And even if it was there, it might not be visible. So I'll go ahead and go over the functions of each color wire, what they should be, so we know how to hook up our 7-Way. The dark green wire, that's going to be our right turn signal. The white wire is going to be our ground. The yellow wire is going to be our left turn and brake signal. Now the light green wire is going to be our backup signal. The Brown wire is going to be our taillight signal. And then this blue wire finally is going to be through the center, high Mount stop lamp. So if you have a camper shell or anything like that, this wire can be used to wire in that third brake light, but we're not going to be using it in our application.Now that we have our wire separated, I'm going to go ahead and strip back the ends of them. But since we're not using this blue wire, I'm just going to leave it alone and I'll cap it off or tape it off so we don't have that exposed wire in there.We'll just strip back the ends of our wire. So then we want to grab our new harness. I went ahead and stripped back all the wires except for the black and blue one because again, we're not going to be using those in our application. Now we can just use the included butt connectors to start connecting our wires together. However, I'm going to be replacing these ones with some heat-shrink butt connectors, just cause these are going to give a little bit better protection, make sure any water doesn't get inside and build up corrosion. Well, we'll go ahead and start on the harness end. Let's take our butt connector, slide it over one of our wires. In this case, we'll start with our white wire, which is the ground wire first and crimp our connector in place.And then on the truck's side, we'll take our other white wire and we'll connect it into that butt connector. Now, most of these are going to hook up color for color, but again, when we went over the functions on the truck side, that's how we need to hook them up. So we want to make sure that we're getting the correct signal back to our 7-Way. On the truck side, if we find the yellow wire, that's going to be our left turn signal and brake light coming from the truck. However, this is not going to get hooked into the yellow wire on the harness side. This is going to go to the red wire. We're going to connect the two like that with another butt connector, but I'm going to go ahead and finish hooking all these up. And then we can go through all the functions and show you exactly how each one hooks up to each other.So once you have your wires hooked up, it should look like this. Brown wire coming from the truck should hook to thebrown wire on our harness. The light green wire should hook to the yellow wire on the harness. The dark green wire should hook to the dark green wire on the harness. The yellow wire from the truck should go to the red wire and then finally the white wire to the white wire. Now, since these are heat-shrink butt connectors, we use a heat gun to shrink them down. If you're using an open flame, like a torch or a lighter, be extremely careful not to burn or char the wires or the connectors themselves.Now this step really isn't necessary, but I like to protect the wires with some electrical tape. So I'll just take the whole bundle and start wrapping everything with some electrical tape till it's completely covered. It'll just help protect it a little bit since it is on the outside, underneath the truck.So now we need to find a spot to mount our plug. Now, if you notice, we have plenty of room or you might think you have room just to put your bracket just about anywhere, but we need to make sure that we have enough clearance out of the back of the bracket so that we can get the plug and socket plugged in. So right here really wouldn't be a good spot because we wouldn't have the cross tube of our hitch, right in a way. So you really want to keep that in mind when you're positioning your bracket of where you want to put it Because you have to be able to plug everything in and give yourself enough slack to get it there. But we've got a really solid piece of metal right here at the back of the bumper. So we just plug it in once we find a spot that'll clear everything and look the way we want it to.So I'm just going to take a little bit of time, find a nice flat spot we can connect our bracket too. And then I'll use the included self-tapping screws to screw directly to the bumper. Let's get one of them started. Once they are loosely started, I can kind of play with the angle and the position of it, Get it nice and secure. Then I can put the other one in place.I'm going to route my wire so it's going over the hitch and I'll take my plug, and I'm going to plug it into the socket before I mount it, just because it is rather close to the hitch here. You'll have room to mount it, but as you can see, it'd be pretty snug trying to get that in there to get it to click in place, so I like to just get it mounted up first. And then we'll mount the plug to the bracket itself. You can take one of the screws, make sure it goes through the plug and the bracket. And we'll take one of these lock nuts and secure it on the back side. I have a total of four of these, so let's go around the outside edge of the plug and secure everything down. Just getting it loosely in place for now so I don't have to worry about it moving around on us.I'm just going to take a flat blade screwdriver, and I'm going to hold the nut with my finger cause it's actually a locking nut. So it shouldn't spin on you. You should be able to get it nice and snug, tighten down the screw. If you're having a little bit of trouble, nut on the back starting to spin on you, you can either use a three ACE or a 10 millimeter socket to hold it snug. But again, there are locking nuts, so it should hold itself still.Now we can take some time. We'll go ahead and take all this excess wire and I'm going to tuck it up and tie it up above the spare tire. That way it's not going to interfere if we ever have to take it down or put it back up, but it's also not going to be hanging down below the bumper, potentially catching on anything when we're driving down the road. I'm just going to take some zip ties, coil everything up and tie it as high as I can above everything. So it will be out of the way. Go above that spare tire cross-member we can tie it to either the cross-member itself or all this existing wiring that's already up there.Now the final step of our wiring is going to be testing it and making sure all the functions that we wired up work properly. Now I'm using my tester. You can use your trailer. However, I recommend using some kind of tester. That way, if there is a problem, you can isolate it to the truck rather than having to figure out if it's your truck or trailer, but I'm going to go ahead and run through the lines. That way I can verify that they're all working properly. So we can see that my clearance lights are working as well as the left turn signal, the right turn signal, my brakes and my backup lights. All we have left do now is hook up to our trailer and hit the road, but that'll finish up your installation and you'll look at the Pollak 7-way trailer connector on our 2000 Chevrolet Silverado.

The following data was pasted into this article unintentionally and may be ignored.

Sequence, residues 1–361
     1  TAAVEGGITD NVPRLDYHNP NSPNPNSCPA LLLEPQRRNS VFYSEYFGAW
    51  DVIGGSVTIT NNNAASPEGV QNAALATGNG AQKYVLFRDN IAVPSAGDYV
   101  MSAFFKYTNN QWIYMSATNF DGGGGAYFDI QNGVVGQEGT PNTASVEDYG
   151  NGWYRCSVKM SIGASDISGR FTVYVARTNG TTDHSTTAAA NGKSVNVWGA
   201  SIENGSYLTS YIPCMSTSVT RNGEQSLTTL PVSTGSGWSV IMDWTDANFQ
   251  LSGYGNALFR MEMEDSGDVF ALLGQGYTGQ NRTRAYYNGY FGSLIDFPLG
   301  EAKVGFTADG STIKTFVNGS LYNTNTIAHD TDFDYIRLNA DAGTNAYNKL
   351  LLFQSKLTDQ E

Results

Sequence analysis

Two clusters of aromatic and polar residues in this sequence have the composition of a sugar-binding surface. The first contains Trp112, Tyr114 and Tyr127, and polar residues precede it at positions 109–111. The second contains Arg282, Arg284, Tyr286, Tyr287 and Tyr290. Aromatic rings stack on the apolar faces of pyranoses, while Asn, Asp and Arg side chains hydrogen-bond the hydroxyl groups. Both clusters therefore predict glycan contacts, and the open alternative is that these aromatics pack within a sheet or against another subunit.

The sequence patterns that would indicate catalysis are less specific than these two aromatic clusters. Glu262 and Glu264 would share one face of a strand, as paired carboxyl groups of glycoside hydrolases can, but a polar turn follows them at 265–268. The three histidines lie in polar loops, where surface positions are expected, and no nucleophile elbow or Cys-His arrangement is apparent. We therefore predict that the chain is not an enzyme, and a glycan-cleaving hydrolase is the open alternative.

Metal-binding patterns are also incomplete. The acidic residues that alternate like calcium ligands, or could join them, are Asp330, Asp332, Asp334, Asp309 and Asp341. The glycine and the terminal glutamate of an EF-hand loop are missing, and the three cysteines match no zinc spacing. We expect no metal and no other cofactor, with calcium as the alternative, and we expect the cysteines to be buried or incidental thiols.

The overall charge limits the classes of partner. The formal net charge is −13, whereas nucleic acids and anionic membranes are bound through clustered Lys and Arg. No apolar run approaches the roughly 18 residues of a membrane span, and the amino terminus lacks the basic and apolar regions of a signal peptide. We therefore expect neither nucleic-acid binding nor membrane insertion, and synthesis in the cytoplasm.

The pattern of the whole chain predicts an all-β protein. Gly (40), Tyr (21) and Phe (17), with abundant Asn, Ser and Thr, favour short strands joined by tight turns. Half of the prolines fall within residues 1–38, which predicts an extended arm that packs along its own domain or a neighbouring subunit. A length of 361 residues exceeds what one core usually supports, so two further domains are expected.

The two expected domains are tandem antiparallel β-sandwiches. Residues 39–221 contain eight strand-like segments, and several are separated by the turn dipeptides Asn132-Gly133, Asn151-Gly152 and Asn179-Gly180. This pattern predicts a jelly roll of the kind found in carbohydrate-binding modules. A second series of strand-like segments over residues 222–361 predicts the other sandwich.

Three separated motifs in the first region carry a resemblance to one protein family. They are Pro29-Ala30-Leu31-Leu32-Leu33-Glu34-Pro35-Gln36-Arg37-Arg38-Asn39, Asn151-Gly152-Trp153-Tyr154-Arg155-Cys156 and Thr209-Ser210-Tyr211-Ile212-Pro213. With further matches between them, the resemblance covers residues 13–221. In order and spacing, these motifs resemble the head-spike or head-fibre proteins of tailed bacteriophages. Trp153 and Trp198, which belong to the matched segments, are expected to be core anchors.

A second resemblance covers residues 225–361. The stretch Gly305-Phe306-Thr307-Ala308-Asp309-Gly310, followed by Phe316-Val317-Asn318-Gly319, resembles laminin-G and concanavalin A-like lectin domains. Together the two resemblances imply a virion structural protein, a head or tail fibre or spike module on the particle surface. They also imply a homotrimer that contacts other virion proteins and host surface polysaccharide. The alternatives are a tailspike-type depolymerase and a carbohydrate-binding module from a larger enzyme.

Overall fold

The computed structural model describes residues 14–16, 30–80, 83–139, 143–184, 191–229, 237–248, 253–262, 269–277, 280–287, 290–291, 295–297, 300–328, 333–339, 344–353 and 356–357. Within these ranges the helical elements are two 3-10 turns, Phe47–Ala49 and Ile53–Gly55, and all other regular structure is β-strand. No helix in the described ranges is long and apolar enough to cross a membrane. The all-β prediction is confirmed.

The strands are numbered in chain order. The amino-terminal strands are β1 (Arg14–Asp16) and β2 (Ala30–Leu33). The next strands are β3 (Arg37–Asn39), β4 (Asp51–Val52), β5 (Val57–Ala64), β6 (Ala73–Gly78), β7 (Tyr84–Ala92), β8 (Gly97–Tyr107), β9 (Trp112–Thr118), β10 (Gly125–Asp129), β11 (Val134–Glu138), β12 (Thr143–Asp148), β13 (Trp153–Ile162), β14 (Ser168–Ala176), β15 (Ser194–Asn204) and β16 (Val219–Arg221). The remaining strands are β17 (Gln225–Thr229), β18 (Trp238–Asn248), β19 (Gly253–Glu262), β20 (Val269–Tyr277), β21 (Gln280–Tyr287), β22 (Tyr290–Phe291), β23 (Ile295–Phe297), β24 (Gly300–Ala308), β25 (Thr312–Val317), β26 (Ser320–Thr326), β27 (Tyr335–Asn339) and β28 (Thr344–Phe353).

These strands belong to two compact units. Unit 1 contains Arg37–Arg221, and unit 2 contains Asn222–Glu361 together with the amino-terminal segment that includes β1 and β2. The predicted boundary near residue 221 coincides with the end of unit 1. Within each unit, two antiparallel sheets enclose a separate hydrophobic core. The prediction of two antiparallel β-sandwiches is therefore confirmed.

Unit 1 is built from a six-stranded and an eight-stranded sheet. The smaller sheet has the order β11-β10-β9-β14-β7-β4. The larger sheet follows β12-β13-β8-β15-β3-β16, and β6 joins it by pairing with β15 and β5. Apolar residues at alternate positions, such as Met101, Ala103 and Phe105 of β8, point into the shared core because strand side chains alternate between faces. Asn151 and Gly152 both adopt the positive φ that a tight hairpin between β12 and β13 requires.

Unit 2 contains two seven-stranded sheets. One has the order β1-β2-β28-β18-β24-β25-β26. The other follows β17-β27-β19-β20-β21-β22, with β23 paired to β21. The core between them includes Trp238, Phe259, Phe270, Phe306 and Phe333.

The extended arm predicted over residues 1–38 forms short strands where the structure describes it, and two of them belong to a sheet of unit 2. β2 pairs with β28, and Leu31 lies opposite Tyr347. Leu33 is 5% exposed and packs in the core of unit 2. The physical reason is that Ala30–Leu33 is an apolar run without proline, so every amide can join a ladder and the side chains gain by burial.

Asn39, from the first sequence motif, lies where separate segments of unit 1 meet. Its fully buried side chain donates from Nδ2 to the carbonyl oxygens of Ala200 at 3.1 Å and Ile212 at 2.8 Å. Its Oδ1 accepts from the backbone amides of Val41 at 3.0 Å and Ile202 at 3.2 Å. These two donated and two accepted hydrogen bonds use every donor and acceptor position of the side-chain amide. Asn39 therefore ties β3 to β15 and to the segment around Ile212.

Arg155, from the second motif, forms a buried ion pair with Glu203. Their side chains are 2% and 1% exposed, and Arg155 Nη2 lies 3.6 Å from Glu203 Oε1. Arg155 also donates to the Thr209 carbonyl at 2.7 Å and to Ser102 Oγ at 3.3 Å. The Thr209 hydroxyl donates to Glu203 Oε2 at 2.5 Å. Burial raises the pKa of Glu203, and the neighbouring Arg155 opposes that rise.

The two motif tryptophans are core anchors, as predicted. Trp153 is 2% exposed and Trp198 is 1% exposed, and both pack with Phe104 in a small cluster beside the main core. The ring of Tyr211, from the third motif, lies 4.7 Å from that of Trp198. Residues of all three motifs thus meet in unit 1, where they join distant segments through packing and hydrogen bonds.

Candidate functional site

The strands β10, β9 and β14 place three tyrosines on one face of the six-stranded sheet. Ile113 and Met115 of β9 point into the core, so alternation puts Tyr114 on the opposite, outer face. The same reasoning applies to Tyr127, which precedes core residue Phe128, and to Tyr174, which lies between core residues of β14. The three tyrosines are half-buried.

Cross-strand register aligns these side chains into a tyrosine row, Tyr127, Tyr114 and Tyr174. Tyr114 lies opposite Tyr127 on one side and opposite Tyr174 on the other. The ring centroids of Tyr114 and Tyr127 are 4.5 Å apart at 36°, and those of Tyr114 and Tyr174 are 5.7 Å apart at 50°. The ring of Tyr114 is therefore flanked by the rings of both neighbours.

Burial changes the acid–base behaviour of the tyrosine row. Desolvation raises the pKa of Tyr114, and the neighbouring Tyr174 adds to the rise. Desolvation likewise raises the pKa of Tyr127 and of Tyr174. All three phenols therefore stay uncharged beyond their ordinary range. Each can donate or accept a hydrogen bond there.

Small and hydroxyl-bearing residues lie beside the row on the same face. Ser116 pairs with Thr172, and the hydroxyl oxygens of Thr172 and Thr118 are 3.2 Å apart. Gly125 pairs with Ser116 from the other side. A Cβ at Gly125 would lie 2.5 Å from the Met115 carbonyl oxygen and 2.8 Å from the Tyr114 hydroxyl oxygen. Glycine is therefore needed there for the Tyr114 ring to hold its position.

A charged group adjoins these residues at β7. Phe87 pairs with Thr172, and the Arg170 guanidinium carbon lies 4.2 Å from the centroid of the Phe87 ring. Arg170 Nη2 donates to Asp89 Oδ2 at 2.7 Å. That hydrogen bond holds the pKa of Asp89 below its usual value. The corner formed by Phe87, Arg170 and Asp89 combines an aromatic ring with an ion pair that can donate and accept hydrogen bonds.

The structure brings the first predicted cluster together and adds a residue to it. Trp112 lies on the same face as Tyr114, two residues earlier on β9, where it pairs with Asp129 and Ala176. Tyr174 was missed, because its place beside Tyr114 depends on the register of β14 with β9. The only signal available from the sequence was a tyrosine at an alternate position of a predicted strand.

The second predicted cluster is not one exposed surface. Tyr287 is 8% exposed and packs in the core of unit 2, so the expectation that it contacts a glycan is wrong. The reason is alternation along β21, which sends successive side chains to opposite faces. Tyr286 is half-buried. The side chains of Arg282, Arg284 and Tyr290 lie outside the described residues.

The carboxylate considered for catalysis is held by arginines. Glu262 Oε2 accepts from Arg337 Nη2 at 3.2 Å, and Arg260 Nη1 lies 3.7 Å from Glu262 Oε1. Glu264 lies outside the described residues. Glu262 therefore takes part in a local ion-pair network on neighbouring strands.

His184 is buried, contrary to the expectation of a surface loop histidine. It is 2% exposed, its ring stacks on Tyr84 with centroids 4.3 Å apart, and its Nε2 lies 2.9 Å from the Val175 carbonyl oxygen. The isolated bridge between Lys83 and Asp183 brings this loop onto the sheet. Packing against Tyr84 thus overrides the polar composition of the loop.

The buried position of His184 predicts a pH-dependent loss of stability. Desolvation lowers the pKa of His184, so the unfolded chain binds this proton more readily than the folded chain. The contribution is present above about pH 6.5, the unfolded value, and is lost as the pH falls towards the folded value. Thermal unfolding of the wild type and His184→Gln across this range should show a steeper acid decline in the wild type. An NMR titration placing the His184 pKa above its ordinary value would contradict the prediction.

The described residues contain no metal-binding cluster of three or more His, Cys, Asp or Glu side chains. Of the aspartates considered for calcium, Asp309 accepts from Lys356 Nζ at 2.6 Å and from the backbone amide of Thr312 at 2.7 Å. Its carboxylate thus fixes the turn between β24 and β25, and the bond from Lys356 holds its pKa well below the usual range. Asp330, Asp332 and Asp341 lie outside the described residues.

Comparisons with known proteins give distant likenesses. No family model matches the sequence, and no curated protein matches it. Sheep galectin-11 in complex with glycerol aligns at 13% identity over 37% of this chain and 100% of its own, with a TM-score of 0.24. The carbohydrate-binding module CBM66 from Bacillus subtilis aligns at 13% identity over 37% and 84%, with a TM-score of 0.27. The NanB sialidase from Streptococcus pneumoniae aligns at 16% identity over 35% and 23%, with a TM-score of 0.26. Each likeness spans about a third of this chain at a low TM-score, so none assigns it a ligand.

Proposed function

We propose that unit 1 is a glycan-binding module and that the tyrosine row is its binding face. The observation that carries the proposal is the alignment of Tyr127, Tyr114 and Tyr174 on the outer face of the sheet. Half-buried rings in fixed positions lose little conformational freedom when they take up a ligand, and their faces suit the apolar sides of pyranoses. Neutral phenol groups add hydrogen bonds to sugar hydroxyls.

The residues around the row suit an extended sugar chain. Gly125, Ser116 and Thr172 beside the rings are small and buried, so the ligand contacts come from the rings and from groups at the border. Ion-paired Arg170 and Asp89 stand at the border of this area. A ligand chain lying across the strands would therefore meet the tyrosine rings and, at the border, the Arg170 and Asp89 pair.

Info for this part was:

Employee Jeff D
Installed by:
Jeff D
Employee Jacob T
Video Edited:
Jacob T
Employee Kathleen M
Video by:
Kathleen M
Employee Aidan B
Video by:
Aidan B
Employee Shane T
Test Fit:
Shane T
Employee Robert C
Test Fit:
Robert C